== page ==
Why gold is a bad investment

On February 14, 2011 | By | In News

Hedge-fund managers George Soros, John Paulson and Eric Mindich have surmised as much, judging by the massive stakes they held in SPDR Gold Trust ETF(GLD 130.44, +0.06, +0.05%), the leading exchange-traded gold fund and the world’s second-largest ETF with assets of almost $58 billion versus about $40 billion a year ago.

The three hedge-fund titans alone controlled around 10% of the Gold Trust’s shares outstanding at the end of June, according to the most recent data available. Of course, they staked their claim early, and their view on gold and the dollar now may have changed, as investors will soon discover when these influential funds release Sept. 30 portfolio holdings.

Other exchange-traded products that own gold have also seen rapid asset growth and trading volume, including iShares Gold Trust (IAU 13.06, -0.01, -0.08%), the leveraged PowerShares DB Gold Double Long ETN (DGP 38.02, +0.06, +0.16%), and ETFS Physical Swiss Gold Shares (SGOL 132.92, -0.59, -0.44%).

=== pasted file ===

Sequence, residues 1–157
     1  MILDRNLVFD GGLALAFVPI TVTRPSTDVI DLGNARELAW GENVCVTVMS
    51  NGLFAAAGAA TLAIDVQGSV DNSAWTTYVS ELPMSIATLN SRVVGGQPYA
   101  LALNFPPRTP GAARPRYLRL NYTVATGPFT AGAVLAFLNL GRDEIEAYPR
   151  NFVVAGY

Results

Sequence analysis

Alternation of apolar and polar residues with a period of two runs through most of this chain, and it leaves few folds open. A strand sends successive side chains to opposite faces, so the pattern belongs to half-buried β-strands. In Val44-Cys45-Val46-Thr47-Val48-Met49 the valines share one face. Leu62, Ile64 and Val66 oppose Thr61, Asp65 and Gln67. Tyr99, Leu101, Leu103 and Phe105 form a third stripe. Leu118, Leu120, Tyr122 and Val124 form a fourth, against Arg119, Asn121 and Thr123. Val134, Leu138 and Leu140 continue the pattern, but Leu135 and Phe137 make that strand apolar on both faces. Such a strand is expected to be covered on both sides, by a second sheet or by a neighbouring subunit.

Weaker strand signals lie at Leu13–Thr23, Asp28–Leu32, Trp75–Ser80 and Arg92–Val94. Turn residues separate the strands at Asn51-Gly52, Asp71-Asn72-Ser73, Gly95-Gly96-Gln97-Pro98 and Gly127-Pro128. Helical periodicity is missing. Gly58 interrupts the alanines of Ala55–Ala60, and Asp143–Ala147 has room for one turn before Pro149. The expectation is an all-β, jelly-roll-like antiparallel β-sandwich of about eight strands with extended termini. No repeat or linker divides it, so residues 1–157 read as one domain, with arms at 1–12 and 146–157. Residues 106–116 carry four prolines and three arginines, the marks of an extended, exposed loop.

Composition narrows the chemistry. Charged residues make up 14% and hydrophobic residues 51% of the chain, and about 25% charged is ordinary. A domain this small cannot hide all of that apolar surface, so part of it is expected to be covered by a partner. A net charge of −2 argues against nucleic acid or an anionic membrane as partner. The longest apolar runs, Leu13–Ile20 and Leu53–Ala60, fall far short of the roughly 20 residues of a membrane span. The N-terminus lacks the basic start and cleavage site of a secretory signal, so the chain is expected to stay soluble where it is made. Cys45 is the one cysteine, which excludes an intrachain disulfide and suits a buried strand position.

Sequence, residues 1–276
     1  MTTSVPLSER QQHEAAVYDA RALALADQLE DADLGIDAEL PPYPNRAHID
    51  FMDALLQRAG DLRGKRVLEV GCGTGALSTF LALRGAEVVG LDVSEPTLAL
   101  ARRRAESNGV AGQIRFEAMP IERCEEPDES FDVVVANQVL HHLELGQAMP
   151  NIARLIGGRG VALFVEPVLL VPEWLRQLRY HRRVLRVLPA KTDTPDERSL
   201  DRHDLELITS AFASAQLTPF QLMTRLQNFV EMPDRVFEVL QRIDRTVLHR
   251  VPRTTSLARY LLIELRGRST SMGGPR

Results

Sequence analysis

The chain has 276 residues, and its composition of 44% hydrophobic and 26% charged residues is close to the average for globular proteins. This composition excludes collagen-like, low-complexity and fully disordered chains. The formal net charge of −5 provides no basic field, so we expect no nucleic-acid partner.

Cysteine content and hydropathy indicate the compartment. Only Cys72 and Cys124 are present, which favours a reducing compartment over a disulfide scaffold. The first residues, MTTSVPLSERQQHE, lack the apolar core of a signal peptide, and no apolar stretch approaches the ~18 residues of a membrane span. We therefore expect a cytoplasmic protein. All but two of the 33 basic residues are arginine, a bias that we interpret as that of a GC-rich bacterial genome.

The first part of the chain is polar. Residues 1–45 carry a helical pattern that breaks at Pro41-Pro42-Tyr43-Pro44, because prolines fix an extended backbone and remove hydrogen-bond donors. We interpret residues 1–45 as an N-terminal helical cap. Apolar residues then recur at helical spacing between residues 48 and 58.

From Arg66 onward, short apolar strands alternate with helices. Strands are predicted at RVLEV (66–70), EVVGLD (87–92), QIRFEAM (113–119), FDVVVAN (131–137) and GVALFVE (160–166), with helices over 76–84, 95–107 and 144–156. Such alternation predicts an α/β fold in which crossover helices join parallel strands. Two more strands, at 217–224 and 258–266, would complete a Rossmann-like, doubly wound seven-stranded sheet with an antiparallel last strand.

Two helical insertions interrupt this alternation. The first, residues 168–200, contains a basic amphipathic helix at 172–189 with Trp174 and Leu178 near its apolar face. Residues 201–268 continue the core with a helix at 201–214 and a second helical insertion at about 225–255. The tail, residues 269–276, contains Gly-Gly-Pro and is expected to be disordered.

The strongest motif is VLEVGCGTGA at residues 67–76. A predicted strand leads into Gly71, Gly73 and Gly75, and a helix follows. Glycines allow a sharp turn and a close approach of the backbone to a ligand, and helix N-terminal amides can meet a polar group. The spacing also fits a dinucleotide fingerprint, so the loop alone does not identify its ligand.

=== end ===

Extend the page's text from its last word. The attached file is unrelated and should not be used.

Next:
SAN FRANCISCO (MarketWatch) — Gold does not always glitter, but you wouldn’t know that from surging worldwide interest that has turned the yellow metal red-hot.

Gold has become highly prized bling, as anxious and astute buyers alike, from hedge-fund players to central bankers, flock to the “currency of fear.” Gold at around $1,400 an ounce is almost double what it commanded two years ago, and gold’s price is up almost 25% so far this year alone.

It’s been a great ride. Except gold is a bad investment.

Gold’s feverish run has made a lot of people a lot of money, and though the rally has taken a breather in the last few days, there’s no shortage of flag-waving supporters who claim gold is on a march to $1,600, $1,800, $2,000 and beyond. After all, gold is still well below its 1980 peak, when it was worth around $2,300 an ounce in today’s dollars.

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